View all examples of ANNULAR WARE, BANDED

Production Origin: ENGLAND
Date Range: 1785-1840
Defining Attributes:

White to light cream-colored, thin, hard, compact paste.

Background glaze may be pure white on whiteware, very light blue on pearlware, or pale creamy yellow on creamware.

Decorated with horizontal bands of colored slip applied in varying widths. These can include bands of lathe turned grooves or patterns.

Colors are predominantly muted earth tones including, black, olive green, tan, rust, brown, ochre yellow, grey, and pale blue.

May also include inlaid and cut away slip decoration.

Vessel Forms: BOWL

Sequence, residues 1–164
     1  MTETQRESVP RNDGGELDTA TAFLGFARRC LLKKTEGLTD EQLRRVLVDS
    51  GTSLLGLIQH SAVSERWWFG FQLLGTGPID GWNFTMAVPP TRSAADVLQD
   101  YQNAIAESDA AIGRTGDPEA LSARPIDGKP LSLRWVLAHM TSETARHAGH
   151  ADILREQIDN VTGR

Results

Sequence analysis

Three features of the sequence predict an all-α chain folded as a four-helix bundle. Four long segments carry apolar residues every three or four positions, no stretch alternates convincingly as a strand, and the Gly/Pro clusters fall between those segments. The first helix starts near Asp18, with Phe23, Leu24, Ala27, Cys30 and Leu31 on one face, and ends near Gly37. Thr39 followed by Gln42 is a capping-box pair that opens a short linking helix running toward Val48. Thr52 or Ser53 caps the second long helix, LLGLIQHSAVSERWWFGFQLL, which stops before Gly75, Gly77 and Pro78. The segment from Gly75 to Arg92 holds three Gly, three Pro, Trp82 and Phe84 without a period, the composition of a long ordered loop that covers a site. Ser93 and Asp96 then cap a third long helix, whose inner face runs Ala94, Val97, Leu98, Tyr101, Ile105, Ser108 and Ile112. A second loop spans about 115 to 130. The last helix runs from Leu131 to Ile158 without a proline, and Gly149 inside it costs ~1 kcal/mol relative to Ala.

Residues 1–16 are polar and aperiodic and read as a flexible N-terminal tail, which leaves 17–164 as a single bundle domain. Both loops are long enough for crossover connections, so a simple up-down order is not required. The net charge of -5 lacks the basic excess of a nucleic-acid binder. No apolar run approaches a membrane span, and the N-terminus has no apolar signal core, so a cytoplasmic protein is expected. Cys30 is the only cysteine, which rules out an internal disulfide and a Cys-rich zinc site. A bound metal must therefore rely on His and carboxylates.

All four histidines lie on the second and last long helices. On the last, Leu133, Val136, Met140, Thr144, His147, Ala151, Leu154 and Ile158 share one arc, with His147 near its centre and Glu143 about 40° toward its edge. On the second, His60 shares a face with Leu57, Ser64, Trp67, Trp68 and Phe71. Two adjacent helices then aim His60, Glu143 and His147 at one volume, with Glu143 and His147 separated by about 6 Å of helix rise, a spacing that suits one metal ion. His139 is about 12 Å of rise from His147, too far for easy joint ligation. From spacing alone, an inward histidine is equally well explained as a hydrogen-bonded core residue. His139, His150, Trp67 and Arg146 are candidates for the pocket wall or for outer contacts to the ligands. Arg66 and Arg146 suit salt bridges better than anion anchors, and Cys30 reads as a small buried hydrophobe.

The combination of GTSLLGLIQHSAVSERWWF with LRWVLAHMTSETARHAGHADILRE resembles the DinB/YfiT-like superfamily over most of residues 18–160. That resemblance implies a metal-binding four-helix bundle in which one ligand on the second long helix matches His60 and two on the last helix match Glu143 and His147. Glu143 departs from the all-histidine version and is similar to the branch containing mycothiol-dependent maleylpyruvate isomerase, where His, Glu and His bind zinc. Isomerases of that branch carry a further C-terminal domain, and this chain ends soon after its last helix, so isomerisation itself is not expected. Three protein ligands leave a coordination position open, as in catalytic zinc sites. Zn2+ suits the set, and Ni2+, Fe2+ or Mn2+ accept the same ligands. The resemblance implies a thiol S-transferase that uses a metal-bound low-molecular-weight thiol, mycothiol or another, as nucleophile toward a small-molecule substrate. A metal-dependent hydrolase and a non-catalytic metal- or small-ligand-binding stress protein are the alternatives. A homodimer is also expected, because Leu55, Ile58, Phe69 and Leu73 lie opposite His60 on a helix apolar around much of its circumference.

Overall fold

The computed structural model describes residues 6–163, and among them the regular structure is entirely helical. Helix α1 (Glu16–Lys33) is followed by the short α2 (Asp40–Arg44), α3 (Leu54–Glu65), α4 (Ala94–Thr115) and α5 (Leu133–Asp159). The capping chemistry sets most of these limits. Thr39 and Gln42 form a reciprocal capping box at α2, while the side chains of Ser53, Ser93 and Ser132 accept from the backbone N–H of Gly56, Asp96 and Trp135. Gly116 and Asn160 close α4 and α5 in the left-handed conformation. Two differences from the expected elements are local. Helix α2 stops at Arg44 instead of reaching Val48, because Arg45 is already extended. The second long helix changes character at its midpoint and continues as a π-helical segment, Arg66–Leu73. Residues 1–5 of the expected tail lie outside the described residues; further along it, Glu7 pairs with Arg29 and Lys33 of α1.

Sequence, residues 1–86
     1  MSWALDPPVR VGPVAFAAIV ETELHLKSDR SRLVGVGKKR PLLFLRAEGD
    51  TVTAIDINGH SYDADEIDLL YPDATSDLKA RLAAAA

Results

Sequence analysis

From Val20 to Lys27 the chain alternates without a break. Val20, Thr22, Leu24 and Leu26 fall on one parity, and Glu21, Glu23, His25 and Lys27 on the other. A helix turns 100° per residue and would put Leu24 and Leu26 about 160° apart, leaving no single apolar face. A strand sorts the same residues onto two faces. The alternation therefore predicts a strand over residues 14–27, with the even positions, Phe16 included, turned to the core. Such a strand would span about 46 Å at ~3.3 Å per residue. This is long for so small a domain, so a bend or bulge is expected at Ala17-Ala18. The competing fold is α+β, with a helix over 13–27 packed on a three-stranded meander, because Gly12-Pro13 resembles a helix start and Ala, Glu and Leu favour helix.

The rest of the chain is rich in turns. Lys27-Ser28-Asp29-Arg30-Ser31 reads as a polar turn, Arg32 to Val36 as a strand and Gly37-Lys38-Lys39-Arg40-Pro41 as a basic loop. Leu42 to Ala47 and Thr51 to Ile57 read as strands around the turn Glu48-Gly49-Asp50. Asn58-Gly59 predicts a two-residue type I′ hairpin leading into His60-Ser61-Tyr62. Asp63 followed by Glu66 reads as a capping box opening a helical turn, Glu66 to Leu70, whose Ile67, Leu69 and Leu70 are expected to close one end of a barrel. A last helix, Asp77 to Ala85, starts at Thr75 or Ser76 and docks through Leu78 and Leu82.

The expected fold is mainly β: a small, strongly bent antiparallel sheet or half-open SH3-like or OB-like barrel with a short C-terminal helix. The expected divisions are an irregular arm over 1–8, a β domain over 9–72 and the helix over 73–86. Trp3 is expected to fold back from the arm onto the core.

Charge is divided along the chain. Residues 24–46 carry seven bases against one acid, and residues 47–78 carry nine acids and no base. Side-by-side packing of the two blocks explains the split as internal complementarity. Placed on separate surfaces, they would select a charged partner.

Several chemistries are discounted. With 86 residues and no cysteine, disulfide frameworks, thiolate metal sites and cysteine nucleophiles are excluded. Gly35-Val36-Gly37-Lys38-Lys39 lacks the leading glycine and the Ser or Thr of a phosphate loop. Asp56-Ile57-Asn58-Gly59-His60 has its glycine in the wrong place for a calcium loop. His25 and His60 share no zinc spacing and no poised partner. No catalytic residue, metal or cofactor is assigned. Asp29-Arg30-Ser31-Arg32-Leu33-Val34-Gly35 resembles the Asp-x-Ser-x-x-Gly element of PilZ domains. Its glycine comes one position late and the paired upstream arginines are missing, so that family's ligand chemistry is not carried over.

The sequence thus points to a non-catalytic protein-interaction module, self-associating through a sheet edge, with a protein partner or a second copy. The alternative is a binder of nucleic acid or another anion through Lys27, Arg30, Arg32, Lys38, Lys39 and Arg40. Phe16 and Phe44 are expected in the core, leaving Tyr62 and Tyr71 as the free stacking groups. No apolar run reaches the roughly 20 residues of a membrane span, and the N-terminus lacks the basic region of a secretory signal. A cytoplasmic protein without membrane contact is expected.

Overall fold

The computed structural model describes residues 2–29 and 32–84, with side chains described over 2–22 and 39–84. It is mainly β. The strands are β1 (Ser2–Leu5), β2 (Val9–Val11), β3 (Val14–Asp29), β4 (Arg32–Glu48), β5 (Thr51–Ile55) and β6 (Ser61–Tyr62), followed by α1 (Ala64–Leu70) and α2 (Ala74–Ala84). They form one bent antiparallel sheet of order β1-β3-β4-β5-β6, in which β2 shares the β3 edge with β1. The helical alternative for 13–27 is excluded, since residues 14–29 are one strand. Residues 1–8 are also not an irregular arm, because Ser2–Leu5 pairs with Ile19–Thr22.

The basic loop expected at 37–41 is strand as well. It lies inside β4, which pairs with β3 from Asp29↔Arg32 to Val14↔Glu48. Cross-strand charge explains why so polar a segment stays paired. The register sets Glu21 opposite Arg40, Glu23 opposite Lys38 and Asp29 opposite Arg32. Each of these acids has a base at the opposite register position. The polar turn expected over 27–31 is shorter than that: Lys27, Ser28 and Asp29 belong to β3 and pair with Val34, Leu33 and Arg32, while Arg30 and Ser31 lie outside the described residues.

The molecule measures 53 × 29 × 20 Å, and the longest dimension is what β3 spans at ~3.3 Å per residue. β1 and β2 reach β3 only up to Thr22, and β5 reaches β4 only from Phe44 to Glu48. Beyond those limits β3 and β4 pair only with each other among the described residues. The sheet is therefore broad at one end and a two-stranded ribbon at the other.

Comments: Banded annular ware is part of the Factory-made Slipware group of refined earthenware ceramics decorated with applied slip decoration. These were produced in great quantity during the last quarter of the eighteenth century through the nineteenth century in England and the United States. Banding occurred both as a primary decorative element and in conjunction with other design elements such as marbling, or the dendritic patterns found on mocha ware. The banded pattern can be found on creamware 1785-1815, pearlware 1790-1820, or whiteware 1830-20th century. It is most often found on white wares. After 1840 annular wares became available only in the blue banded variety and its use continued into the 20th century.
Published Definitions: Noel Hume 1969, Miller 1991, Sussman 1997

View all examples of ANNULAR WARE, BANDED